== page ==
Tokusatsu Network writer Rain reviews Zeiram, the 90s bounty hunting tokusatsu movie directed by Keita Amemiya.
Keita Amemiya is a familiar name to many tokusatsu fans. Creator of GARO, director of Kamen Rider J and Kamen Rider ZO, character designer for Kamen Rider Black and Kamen Rider Black RX – and that’s just a taste of his extensive filmography. The second film he ever directed was Zeiram, released in 1991 and followed in 1994 by Zeiram 2. The movies aren’t well known compared to his other, more prominent work with Toei like Chojin Sentai Jetman, but despite flying under the radar Zeiram is an incredibly fun watch that I think deserves far more attention.
Zeiram follows a plot somewhat reminiscent of Terminator or ET where ordinary humans get caught up in something far larger than them. Two ordinary electricians, Kamiya (Yukijiro Hotaru) and Teppei (Kunihiro Ida), accidentally find themselves wrapped up in what should have been an ordinary bounty hunting expedition for alien Iria (Yuko Moriyama) and her computer assistant Bob (Masakazu Handa). Iria is hunting Zeiram, a genetically engineered weapon that’s nigh-indestructible. After bumbling into the Zone, an alternate dimension made by Iria to capture Zeiram, Kamiya and Teppei have to work with Iria to kill Zeiram and get home alive.
There’s definitely a tension of genre in Zeiram. Kamiya and Teppei are a comedic duo at times; they tease each other and their desperate attempts for survival are often ineffective or downright unhelpful. This is paired against Iria, who is a mature and self-assured bounty hunter. She initially wants nothing to do with the two, but the trio warm up to each other over the course of their harrowing ordeal. While I can see why some people might not like the human perspective in the film, I found it surprisingly touching. Despite being completely outclassed by Zeiram, they use good old human ingenuity (and desperation) to defend themselves against it – for example, by backing into it with a truck. They bring an emotional core to the film that would be sorely lacking without them.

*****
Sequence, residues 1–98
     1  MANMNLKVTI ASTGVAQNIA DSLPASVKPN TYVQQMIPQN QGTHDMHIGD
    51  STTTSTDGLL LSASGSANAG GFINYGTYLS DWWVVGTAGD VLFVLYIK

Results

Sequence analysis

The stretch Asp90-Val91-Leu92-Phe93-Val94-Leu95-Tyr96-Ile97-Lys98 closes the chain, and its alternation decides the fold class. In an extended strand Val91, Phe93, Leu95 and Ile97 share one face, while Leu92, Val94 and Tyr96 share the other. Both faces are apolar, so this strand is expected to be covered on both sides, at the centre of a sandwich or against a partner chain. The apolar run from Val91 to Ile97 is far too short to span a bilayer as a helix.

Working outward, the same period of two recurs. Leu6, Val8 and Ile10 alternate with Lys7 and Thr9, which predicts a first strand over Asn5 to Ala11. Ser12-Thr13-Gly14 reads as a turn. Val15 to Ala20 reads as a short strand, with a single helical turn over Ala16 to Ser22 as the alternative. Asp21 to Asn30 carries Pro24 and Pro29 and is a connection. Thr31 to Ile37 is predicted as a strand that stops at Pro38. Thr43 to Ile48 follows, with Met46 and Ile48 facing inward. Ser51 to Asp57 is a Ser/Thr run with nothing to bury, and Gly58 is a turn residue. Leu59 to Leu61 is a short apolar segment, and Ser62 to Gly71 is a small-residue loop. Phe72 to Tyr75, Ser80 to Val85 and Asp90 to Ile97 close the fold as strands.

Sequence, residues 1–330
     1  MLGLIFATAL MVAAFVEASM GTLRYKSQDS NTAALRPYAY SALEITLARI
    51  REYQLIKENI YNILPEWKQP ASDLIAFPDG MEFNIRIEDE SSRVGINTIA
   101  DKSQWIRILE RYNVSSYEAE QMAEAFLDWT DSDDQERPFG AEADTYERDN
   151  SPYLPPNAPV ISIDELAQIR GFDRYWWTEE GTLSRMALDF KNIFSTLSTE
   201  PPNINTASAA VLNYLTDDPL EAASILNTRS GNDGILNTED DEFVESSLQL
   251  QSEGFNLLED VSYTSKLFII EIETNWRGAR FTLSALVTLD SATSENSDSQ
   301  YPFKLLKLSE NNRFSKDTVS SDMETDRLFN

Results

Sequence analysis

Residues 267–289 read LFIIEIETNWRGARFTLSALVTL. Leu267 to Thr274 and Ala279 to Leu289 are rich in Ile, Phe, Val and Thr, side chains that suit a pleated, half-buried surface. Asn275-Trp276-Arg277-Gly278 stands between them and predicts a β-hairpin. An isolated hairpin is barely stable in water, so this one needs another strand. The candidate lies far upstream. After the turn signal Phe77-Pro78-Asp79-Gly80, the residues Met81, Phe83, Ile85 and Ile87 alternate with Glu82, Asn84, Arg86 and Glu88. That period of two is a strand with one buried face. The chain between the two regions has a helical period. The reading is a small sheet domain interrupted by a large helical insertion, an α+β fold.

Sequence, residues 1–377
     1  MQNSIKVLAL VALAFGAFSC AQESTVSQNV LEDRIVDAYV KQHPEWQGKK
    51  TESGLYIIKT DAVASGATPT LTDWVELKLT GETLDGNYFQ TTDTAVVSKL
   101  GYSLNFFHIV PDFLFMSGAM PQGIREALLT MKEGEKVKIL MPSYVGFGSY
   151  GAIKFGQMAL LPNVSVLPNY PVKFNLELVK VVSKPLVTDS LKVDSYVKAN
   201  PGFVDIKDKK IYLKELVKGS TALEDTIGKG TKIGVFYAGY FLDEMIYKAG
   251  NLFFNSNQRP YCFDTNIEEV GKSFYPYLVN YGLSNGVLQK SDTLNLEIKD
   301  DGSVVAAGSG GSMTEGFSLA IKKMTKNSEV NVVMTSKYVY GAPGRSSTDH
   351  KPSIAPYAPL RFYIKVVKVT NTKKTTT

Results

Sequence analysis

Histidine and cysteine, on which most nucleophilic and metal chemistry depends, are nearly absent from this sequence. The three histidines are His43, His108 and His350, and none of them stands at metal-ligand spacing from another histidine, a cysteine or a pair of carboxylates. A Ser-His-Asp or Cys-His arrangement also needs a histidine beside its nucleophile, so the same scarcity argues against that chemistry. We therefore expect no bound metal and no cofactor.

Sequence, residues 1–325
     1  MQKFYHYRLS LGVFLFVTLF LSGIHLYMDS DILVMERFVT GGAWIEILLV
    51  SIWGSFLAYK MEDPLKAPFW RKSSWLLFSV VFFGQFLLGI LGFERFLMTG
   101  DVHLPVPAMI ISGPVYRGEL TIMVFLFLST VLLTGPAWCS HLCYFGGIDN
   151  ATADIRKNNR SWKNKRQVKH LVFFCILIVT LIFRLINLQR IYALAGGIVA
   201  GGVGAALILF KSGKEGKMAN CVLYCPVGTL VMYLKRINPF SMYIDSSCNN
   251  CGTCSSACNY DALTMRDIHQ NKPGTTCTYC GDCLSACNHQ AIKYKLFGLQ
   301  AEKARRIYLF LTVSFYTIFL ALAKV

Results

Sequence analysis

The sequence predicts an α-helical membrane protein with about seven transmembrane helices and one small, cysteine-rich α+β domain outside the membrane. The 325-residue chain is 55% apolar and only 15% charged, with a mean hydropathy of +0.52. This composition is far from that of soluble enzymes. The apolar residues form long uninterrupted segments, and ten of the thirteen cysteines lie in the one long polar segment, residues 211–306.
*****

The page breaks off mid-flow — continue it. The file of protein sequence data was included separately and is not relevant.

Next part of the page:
Of the characters, however, Iria is definitely my favourite. Resourceful, serene and a little reckless, Iria is a force to be reckoned with. She faces Zeiram unflinchingly, and watching her cycle through sci-fi weapons is a blast. Bob and her act almost like siblings – Bob the cautious and mathematical side of their partnership who, despite being a computer, is bursting with personality. Zeiram itself is also a fun character. Not just an emotionless killing machine, Zeiram comes off as actively malicious. Its true core – a small, white face resting on its ‘hat’ – cackles and growls, becoming enraged when its prey gets the upper hand.
Alongside its engaging cast, Zeiram is a cornucopia of practical effects. Zeiram itself is a marvel of character design, with multiple forms that are both parts beautiful and creepy. Every form looks more organic and skeletal than the last, culminating in breathtaking claymation and practical effects that are well worth the watch.
I could go on and on about how much I love Zeiram. It has all the hallmarks of a blockbuster 90s sci-fi, so I really hope in the future it gets the attention it very much deserves. There’s also a sequel, Zeiram 2, which features a new look for Zeiram and a touching continuation to the plot threads set up for Kamiya and Teppei in the first movie. It does, however, follow the same beats of the original a bit too much, with the same threats – Kamiya and Teppei once again end up fighting Zeiram with Iria in a quickly disintegrating Zone. I would still highly recommend it, though. Who in their right mind would turn down more Zeiram?
Zeiram is actually a surprisingly big franchise. Along with two movies, a prequel anime was made called Iria: Zeiram the Animation, which had its own SNES and PlayStation games. The movies, however, stand on their own as wonderful examples of the power of practical effects and the perfect casting of Yuko Moriyama as Iria.